As Ruth Ann on the old TV series said to an avowed atheist, "It must take a lot of faith to be an atheist." The problem with every religion is that they quickly evolve into bureaucratic rules systems that are not dissimilar to unions or governments. A system evolves to support the bureaucracy and "tax" its members in exchange for guaranteeing them knowledge about the necessary secret handshake necessary to make it into God's favor and a great room in heaven. And, if you're Muslim, how to be sure the 72 virgins are there waiting for you when you arrive.

The really interesting thing is that Jews, Christians, and Muslims all have the same God, track their roots to Abraham, and all recognize Jesus as a great prophet. Makes you wonder why they are all so intent on killing each other or anyone who disagrees with their particular rules about who God likes best. Or as Ghandi said to some western leader, "I like your Christ but not your Christians."

If you actually want to live a life like Jesus of Nazareth (who was a Jew)just be a Christian (but not a Catholic, Methodist, Baptist, Mormon, Lutheran, Presbyterian, Episcopalian, 7th Day Adventist, etc.)

We have not recordings or what Jesus actually said or did but we do know that he is an historic figure who changed the world. You just have to decide whether his simple message is going to take residence in you.

For me, the way to help make this a better world and maintain peace and serenity in your own life and family, just stick with the basics of Judaism, Christianity, and Islam:

--- there is a universal force, power and energy exceeding any level of knowledge or understanding that mere mortals can understand (God). The universe, our world, and sentient beings did not just appear.
--- you have free will to act or not act for good or evil
--- there are only two commandments that are important and cover the other eight, if followed:
= Love God
= Love your neighbor as you love yourself

You might also agree with Albert Einstein, who strikes me as a pretty smart guy. He wrote, in response to his receiving the book "Choose Life: The Biblical Call to Revolt" that organized religion was no more than a "childish superstition". "The word god is for me nothing more than the expression and product of human weaknesses, the Bible a collection of honorable, but still primitive legends which are nevertheless pretty childish. No interpretation no matter how subtle can (for me) change this."

However, Einstein also saw beyond the scope of other mere humans and his most famous quote is “Science without religion is lame, religion without science is blind.” His version of religion was not organizational or rules based but a recognition of power and knowledge that was obviously beyond our own.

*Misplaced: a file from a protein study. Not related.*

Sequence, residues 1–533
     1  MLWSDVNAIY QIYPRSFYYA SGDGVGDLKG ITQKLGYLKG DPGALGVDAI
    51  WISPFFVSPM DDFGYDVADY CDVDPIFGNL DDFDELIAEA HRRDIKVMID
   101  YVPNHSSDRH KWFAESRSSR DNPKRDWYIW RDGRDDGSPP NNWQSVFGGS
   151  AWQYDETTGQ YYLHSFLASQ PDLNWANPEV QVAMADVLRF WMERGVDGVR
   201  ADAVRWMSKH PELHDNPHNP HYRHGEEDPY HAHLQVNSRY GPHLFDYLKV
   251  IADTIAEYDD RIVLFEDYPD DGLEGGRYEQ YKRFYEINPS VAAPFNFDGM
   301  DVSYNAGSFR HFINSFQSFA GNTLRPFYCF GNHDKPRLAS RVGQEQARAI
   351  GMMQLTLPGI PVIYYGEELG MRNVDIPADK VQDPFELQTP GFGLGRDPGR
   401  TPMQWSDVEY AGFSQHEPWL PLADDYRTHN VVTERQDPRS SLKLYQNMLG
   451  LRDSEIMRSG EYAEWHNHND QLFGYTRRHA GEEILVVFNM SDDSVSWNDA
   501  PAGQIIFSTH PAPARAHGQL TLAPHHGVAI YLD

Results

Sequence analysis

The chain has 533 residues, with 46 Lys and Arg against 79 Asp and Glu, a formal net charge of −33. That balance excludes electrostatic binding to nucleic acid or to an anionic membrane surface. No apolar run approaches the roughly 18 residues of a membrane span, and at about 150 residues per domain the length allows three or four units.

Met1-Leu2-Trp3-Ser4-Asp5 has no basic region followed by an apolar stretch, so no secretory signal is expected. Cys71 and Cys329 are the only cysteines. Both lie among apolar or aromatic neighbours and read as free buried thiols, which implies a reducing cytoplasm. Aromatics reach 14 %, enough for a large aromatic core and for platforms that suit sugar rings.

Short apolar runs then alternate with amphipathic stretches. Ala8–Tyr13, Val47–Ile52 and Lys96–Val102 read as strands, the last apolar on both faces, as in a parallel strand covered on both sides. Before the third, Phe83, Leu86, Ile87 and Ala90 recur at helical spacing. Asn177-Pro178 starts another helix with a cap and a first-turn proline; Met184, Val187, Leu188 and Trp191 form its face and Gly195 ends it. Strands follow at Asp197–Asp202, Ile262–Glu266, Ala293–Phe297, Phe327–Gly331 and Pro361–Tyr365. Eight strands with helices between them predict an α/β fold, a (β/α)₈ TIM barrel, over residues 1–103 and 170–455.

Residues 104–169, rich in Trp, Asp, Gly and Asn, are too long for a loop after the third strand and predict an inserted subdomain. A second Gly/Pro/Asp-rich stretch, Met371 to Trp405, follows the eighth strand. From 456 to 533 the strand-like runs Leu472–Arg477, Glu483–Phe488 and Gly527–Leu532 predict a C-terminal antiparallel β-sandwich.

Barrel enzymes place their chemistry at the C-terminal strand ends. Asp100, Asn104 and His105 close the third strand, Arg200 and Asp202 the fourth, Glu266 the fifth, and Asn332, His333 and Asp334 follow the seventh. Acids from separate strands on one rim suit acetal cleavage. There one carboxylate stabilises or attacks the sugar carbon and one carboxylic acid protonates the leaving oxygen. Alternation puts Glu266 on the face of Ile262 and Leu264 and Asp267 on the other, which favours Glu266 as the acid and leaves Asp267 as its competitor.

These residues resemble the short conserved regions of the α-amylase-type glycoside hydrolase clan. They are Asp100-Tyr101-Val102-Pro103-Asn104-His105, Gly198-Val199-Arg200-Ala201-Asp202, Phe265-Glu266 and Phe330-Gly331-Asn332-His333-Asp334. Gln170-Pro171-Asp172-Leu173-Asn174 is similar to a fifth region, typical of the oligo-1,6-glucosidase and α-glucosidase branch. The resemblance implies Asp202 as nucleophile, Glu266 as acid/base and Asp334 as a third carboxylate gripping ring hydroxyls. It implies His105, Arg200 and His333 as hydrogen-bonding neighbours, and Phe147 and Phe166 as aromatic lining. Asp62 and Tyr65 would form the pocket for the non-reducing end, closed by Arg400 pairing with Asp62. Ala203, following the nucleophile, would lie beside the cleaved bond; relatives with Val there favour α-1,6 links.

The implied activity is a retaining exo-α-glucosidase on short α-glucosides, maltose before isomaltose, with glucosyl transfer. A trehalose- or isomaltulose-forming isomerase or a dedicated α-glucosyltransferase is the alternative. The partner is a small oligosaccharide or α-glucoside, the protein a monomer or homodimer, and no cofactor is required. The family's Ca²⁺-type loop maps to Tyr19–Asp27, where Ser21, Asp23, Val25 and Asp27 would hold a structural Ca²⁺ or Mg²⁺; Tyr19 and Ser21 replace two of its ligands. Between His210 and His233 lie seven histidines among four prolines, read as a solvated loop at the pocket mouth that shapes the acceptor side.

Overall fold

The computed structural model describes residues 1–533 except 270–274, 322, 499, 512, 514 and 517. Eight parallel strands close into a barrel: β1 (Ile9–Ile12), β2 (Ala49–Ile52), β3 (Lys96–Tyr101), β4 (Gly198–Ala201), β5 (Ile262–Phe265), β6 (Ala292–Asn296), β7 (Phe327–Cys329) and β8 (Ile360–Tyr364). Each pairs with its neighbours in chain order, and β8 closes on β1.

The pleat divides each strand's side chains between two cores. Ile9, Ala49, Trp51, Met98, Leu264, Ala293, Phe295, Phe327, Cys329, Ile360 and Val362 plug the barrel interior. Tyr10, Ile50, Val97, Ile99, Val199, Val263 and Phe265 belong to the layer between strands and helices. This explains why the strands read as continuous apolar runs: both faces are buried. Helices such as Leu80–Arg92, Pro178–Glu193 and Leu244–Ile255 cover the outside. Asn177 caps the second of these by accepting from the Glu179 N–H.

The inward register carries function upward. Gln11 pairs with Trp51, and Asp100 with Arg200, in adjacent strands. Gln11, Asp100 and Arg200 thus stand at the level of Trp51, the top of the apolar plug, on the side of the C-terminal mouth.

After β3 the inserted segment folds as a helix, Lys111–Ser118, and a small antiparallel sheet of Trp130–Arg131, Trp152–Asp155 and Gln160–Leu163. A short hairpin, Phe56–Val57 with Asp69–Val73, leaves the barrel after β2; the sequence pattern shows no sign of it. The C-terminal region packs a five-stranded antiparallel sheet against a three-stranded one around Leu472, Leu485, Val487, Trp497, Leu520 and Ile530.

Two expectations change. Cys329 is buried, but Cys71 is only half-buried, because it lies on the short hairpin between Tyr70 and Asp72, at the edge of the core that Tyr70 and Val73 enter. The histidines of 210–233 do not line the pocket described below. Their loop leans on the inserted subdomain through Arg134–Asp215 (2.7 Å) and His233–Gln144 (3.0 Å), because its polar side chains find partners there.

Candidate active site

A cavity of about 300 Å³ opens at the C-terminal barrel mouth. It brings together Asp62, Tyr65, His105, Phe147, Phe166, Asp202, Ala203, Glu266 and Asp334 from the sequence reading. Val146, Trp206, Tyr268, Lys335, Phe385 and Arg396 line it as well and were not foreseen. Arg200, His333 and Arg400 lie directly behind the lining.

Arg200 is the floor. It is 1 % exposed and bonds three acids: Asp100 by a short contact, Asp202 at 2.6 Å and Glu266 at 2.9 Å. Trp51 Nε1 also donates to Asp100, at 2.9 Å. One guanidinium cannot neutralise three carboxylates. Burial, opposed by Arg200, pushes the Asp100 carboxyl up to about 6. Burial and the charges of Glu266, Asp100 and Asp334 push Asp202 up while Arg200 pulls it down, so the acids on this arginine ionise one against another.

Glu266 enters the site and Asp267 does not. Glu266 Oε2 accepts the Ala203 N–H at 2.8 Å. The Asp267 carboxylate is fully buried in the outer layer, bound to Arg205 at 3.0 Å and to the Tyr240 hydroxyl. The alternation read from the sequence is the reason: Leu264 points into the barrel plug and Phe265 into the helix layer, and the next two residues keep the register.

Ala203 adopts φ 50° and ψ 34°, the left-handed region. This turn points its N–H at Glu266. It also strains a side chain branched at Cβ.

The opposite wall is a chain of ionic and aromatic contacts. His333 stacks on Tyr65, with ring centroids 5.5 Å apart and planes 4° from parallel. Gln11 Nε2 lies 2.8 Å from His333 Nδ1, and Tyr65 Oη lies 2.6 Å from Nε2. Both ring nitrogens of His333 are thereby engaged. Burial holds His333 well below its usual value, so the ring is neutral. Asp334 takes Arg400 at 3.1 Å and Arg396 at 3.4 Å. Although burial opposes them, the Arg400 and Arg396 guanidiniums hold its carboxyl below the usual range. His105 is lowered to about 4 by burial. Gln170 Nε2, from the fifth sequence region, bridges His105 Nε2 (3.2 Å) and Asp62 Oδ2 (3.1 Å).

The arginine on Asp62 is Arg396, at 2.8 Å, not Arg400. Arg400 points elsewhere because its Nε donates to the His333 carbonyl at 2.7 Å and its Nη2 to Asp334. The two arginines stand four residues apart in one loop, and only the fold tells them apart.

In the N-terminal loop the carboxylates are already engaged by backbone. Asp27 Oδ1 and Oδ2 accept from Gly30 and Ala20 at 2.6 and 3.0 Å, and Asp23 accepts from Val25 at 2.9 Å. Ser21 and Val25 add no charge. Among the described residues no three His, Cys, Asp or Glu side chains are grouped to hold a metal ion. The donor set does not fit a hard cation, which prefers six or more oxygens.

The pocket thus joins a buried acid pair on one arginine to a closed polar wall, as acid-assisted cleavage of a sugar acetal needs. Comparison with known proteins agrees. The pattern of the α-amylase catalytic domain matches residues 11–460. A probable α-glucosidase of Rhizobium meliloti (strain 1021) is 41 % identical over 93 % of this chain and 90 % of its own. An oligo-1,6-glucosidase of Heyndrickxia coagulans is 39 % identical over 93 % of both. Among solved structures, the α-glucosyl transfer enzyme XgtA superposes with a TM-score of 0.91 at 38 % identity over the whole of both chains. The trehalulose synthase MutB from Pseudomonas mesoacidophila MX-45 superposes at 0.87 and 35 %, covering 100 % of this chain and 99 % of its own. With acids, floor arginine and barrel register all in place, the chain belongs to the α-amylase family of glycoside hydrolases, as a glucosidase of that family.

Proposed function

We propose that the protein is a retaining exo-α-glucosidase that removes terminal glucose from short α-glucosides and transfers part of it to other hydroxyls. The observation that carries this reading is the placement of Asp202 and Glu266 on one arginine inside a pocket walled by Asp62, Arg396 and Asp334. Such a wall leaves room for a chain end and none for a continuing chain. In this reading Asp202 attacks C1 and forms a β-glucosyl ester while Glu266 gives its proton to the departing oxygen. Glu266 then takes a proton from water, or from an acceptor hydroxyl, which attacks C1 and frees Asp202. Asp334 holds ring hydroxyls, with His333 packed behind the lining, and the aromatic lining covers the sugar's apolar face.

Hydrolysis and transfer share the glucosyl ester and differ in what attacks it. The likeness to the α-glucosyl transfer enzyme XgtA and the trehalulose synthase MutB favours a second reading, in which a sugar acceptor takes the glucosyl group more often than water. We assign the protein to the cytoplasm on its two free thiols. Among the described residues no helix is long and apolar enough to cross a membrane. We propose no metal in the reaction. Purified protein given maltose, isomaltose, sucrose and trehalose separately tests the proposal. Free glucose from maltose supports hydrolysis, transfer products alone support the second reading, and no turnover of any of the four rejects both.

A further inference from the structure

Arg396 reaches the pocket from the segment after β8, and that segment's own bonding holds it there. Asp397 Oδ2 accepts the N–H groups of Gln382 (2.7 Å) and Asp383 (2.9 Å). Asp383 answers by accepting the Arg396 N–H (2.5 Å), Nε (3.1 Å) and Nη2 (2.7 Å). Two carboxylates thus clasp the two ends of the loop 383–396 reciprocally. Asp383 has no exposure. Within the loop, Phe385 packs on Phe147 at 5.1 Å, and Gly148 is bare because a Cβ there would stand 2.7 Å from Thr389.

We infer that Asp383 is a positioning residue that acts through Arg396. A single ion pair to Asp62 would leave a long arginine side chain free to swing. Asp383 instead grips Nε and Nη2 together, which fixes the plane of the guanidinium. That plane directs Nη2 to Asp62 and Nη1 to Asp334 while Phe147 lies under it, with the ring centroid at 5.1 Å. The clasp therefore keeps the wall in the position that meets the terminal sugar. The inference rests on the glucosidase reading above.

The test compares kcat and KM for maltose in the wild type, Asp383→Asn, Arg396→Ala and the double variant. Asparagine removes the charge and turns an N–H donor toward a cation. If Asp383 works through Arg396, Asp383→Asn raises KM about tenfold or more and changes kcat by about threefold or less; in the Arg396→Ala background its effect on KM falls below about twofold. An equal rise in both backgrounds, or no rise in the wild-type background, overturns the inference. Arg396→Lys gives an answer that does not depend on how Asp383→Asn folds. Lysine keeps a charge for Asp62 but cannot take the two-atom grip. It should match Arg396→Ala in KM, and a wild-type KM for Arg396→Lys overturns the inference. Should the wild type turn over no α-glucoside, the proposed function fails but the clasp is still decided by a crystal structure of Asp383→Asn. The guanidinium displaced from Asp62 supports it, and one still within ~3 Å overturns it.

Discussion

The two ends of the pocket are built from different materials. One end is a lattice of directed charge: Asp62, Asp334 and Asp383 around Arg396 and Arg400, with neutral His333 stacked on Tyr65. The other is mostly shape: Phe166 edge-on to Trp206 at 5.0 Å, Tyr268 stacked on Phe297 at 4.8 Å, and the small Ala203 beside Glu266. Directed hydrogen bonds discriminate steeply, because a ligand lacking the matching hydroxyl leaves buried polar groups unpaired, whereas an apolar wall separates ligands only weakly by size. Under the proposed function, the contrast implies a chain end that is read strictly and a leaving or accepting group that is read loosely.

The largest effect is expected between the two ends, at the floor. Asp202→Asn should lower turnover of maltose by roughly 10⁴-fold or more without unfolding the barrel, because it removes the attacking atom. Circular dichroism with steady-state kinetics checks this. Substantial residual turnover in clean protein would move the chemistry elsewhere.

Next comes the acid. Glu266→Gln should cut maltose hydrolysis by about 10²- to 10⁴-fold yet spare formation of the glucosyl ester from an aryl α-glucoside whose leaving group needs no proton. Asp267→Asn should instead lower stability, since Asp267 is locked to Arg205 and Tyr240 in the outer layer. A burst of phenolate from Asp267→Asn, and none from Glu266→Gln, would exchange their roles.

He appreciated the fact of a God, a Supreme Being that designed,created and manifested the greatest idea of all space and time - the Universe.

I agree with him that science and religion are inextricable-they go go hand in hand. God is the Ultimate Scientist...

A Super Girl

While I think the whole "giving up chocolate (or booze or smoking or whatever vice/addiction you have) for Lent" thing has gotten lost in translation, I am Catholic and consider myself somewhat-practicing. I try to go to mass, but when Sunday brunch (or sleep or a good book) sounds more appealing, then it doesn't happen. More than anything, I have faith and I think faith is a good thing to have, whether it's in a God, a spouse, a family member, etc. etc. Faith stops me from being a complete cynic.

On a completely unrelated note, when I was growing up as an Army brat, I distinctly remember my mother having "coffees" and other social gatherings with all the active duty wives. I always thought it was so cool. Now that you talk about that kind of stuff, it makes me all nostalgic...and also a little freaked out that we are now old enough to be doing these things!!!

Charise

I was raised Catholic and over the last 5-7 years have also moved away from that, and from any organized religion for that matter because of all the bad they can lead to around the world in addition to the fact I just plain don't believe what they teach. I am also in the "not atheist, not agnostic, still learning and thinking" camp. I consider myself a secular humanist, in that I think this is "it" for us too (no heaven), and that we should treat each other the best we can while we're here, and live by a set of morals, values, and ethics and not because that makes us "good Christians". This world and it's beauty and the amazing people in it are spectacular, and I do think I believe in some sort of common thread/soul/whatever between people, but that doesn't mean some being manufactured it.